By a clear margin, companies in the packaging industry associate optimization of internal processes (98 percent) with digitalization. Among other things, this is followed by increased customer loyalty (75 percent), more flexible production (69 percent), better product quality (57 percent), and a reduction in staff costs (25 percent). Satisfaction with digital applications and measures implemented to date is mixed. These are the results of a recent study conducted by the renowned Allensbach Institute for Demoscopic Research (IfD) on behalf of consulting boutique TTE Strategy.
More than a third (36 percent) of companies surveyed have introduced data-based process optimization (e.g. process mining), 27 percent have introduced automated staff planning, around a quarter (23 percent) use artificial intelligence (AI) in reporting and data analysis. One in five companies (21 percent) has completely automated processes with the aid of robotic process automation (RPA).
“Digital process optimization measures are among those that have most frequently already been implemented alongside production optimization,” says Niklaus Wildberger, Managing Director at TTE Strategy and an expert in automation and process digitalization. “Of course, this is still only true of a minority of companies. And only a small minority plans to implement these measures in the future.”
While the introduction of AI in reporting and RPA is planned by around one fifth (21 and 20 percent respectively) of the companies surveyed, this is only the case for 11 percent when it comes to process mining and automated staff planning. Niklaus Wildberger says: “Even if you include implemented measures and planning – this study suggests that only just under half of companies in the packaging industry capitalize on digitalization. For the other half, this will lead to a significant competitive disadvantage.”
Where companies are satisfied – and where there are shortcomings
Those companies who have taken the first steps to digitalization are largely satisfied. All companies who have already automated recurring tasks are satisfied with the results achieved, including 41 percent who are “very satisfied.” Ninety-five percent are at least satisfied with AI tools implemented in reporting, with 26 percent “very satisfied”; 82 percent are satisfied with their automated staff planning (23 percent “very satisfied”).
Satisfaction with data-based process optimization measures (process mining) is somewhat lower: here, 28 percent of companies who have already implemented this are “very satisfied” and a further 48 percent are “satisfied.” A quarter (24 percent) of those surveyed, however, indicate they are “less satisfied” with the measures introduced.
Possible reasons: according to 68 percent of companies surveyed, project timetables were not respected, and 37 percent misjudged costs. “We frequently see two additional factors as to why there is insufficient satisfaction with the results of digitalization projects,” says Niklaus Wildberger. “First, the company is unable to really get employees on board. Second, projects are tackled without an overarching strategy – and are therefore not coordinated with one another. This results in efficiency losses. And this for measures that are intended to produce the opposite effect.”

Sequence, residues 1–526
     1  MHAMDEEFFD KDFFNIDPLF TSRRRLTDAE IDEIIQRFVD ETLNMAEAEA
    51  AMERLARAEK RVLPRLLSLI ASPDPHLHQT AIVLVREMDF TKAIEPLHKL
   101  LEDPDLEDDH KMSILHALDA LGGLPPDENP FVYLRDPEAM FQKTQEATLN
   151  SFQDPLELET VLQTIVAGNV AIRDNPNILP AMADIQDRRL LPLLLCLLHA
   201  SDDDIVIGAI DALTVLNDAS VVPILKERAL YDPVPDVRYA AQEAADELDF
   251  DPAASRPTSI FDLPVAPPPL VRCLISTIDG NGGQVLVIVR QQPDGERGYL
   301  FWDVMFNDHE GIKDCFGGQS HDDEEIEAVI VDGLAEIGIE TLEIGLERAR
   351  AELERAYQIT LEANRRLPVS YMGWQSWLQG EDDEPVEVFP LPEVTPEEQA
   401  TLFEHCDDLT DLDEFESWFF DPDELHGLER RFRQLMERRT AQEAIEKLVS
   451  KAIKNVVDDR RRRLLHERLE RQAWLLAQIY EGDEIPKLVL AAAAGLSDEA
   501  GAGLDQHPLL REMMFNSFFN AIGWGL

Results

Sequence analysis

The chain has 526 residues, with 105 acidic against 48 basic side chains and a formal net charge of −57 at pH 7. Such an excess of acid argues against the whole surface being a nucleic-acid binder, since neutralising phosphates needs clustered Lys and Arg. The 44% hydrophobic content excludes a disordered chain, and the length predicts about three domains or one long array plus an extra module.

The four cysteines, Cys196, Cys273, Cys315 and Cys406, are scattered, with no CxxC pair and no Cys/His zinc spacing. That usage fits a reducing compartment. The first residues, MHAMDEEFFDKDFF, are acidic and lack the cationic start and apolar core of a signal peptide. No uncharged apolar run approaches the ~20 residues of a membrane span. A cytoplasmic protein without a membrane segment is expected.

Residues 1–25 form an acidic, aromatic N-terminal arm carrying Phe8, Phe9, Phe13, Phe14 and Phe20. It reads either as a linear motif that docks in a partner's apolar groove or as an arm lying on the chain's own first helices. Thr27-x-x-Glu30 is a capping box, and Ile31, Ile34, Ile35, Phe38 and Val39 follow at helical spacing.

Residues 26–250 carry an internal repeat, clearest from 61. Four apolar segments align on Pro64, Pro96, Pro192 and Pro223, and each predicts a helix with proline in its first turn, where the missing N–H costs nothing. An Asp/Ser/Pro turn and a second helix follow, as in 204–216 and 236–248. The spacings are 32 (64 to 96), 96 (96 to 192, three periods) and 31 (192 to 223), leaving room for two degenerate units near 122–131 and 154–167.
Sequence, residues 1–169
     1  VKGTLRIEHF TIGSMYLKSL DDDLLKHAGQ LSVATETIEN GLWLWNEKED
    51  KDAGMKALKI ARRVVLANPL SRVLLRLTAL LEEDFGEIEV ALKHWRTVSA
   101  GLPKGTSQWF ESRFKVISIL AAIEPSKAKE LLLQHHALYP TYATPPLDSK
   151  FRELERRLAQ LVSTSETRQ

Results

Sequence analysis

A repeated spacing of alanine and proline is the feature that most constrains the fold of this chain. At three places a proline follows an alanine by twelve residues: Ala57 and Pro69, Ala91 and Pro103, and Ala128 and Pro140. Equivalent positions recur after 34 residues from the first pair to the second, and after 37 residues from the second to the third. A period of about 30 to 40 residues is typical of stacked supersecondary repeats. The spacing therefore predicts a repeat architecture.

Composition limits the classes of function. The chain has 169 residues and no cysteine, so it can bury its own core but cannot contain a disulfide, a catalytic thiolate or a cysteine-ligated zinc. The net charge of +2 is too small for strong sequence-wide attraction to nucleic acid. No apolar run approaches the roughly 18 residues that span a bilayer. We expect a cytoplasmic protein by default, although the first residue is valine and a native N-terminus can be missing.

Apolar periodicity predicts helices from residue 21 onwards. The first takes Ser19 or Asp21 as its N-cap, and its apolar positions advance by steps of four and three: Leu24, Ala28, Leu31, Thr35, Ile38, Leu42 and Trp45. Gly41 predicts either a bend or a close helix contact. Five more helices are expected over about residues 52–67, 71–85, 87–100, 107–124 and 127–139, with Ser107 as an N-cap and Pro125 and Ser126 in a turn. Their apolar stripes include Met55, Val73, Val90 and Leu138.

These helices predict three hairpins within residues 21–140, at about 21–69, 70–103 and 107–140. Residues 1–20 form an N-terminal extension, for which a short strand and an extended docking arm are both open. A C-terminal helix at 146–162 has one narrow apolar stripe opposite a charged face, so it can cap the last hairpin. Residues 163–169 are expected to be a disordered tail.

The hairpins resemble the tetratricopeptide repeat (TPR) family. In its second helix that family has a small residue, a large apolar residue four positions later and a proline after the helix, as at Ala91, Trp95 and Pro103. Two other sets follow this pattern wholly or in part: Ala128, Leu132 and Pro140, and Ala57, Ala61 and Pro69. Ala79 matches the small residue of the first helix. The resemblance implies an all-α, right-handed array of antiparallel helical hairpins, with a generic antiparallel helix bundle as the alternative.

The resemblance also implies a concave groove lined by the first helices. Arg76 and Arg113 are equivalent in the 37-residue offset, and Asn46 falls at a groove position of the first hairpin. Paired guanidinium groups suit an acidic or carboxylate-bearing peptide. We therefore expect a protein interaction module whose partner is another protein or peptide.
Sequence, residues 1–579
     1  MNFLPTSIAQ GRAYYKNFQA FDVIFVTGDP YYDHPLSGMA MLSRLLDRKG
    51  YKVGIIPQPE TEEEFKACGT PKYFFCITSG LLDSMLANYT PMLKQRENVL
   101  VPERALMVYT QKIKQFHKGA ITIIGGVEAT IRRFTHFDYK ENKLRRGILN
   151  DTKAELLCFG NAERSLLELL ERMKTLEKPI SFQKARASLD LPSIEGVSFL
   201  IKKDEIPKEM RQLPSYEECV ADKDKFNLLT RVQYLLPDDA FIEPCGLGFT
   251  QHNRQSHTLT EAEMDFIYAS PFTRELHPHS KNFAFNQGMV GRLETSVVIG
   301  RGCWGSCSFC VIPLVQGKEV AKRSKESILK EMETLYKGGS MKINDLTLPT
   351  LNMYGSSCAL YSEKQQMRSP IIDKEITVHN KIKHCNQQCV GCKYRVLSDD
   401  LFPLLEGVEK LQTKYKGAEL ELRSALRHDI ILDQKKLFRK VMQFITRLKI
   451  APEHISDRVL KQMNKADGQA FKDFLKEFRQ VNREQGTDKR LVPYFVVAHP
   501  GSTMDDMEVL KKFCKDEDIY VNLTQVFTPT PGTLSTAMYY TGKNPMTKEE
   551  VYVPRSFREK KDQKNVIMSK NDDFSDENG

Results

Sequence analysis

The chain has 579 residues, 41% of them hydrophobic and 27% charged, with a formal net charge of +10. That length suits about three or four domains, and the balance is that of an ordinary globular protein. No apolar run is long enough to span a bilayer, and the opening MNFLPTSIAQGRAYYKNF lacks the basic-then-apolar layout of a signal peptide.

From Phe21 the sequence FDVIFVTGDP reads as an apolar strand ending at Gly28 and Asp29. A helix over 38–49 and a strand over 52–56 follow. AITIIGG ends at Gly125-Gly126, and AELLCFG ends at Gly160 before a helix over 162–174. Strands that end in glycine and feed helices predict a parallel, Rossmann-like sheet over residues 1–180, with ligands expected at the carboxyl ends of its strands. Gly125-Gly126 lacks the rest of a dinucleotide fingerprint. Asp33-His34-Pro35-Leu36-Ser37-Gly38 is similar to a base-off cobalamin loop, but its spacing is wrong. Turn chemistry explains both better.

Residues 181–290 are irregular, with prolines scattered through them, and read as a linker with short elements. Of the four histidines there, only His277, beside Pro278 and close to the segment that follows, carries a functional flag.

There is evidence for both of these theories in the recent Allensbach survey. Only 34 percent act based on an all-encompassing digitalization strategy. More than half (53 percent) tend to focus on “individual measures.” The biggest challenge was stated to be “getting employees to support the changes.” Seventy-five percent of companies surveyed responded in this way.
Until now, courage has predominantly been rewarded – half of companies are in danger of losing touch with competition
“Neither point is trivial,” says Niklaus Wildberger. “A digitalization strategy has to be closely coordinated with the overall business strategy. This is something leadership teams still find difficult – especially if individual initiatives were not initiated directly by the board or management.” According to information from the companies, this is still the case in just under a third of all initiatives. “And securing real commitment from employees is tough work. It is not enough just to implement new measures and mandate processes. You have to persuade individuals of the sense and individual benefit so that they don’t block possible effects with inappropriate behavior.”
Niklaus Wildberger says: “Overall, it should be noted that those who have dabbled in digitalization have often achieved good to very good results from their own viewpoint. Their investment courage has paid off. They will also have identified errors and will seek to avoid them in the implementation of further digital measures. Half of companies had not yet even started individual measures and did not specify any concrete planning steps. Based on the experiences of this survey, I can only encourage those concerned not to wait any longer. The world is turning faster and faster. The packaging industry is a latecomer. Those who don’t gain initial experience now will struggle to make up for this lack of expertise later on.
About the study: TTE Packaging Barometer “Digital 2022”
On behalf of TTE Strategy, the Allensbach Institute for Demoscopic Research (IfD) surveyed senior executives from 81 companies in the packaging industry about digitalization at their company. The companies are based in Germany (60), Austria (9), and Switzerland (12). A quarter of the companies have an annual turnover of over 100 million euros and 10% a turnover of over 500 million euros.
One factor that distinguished this survey from many other sectoral studies based on self-reporting was the focus on specific statements about how measures were actually implemented at the respondents’ companies.
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